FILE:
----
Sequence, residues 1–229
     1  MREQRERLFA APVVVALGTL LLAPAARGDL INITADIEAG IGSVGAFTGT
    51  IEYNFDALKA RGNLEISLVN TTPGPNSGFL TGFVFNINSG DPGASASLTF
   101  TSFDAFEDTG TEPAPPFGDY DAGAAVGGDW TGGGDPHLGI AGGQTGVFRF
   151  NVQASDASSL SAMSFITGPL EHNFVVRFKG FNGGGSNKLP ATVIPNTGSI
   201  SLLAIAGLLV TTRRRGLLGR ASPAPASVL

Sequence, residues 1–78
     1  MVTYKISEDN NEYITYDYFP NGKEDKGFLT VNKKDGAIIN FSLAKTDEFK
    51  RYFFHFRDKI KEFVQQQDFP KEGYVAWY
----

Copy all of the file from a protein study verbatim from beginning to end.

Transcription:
Sequence, residues 1–229
     1  MREQRERLFA APVVVALGTL LLAPAARGDL INITADIEAG IGSVGAFTGT
    51  IEYNFDALKA RGNLEISLVN TTPGPNSGFL TGFVFNINSG DPGASASLTF
   101  TSFDAFEDTG TEPAPPFGDY DAGAAVGGDW TGGGDPHLGI AGGQTGVFRF
   151  NVQASDASSL SAMSFITGPL EHNFVVRFKG FNGGGSNKLP ATVIPNTGSI
   201  SLLAIAGLLV TTRRRGLLGR ASPAPASVL

Sequence, residues 1–78
     1  MVTYKISEDN NEYITYDYFP NGKEDKGFLT VNKKDGAIIN FSLAKTDEFK
    51  RYFFHFRDKI KEFVQQQDFP KEGYVAWY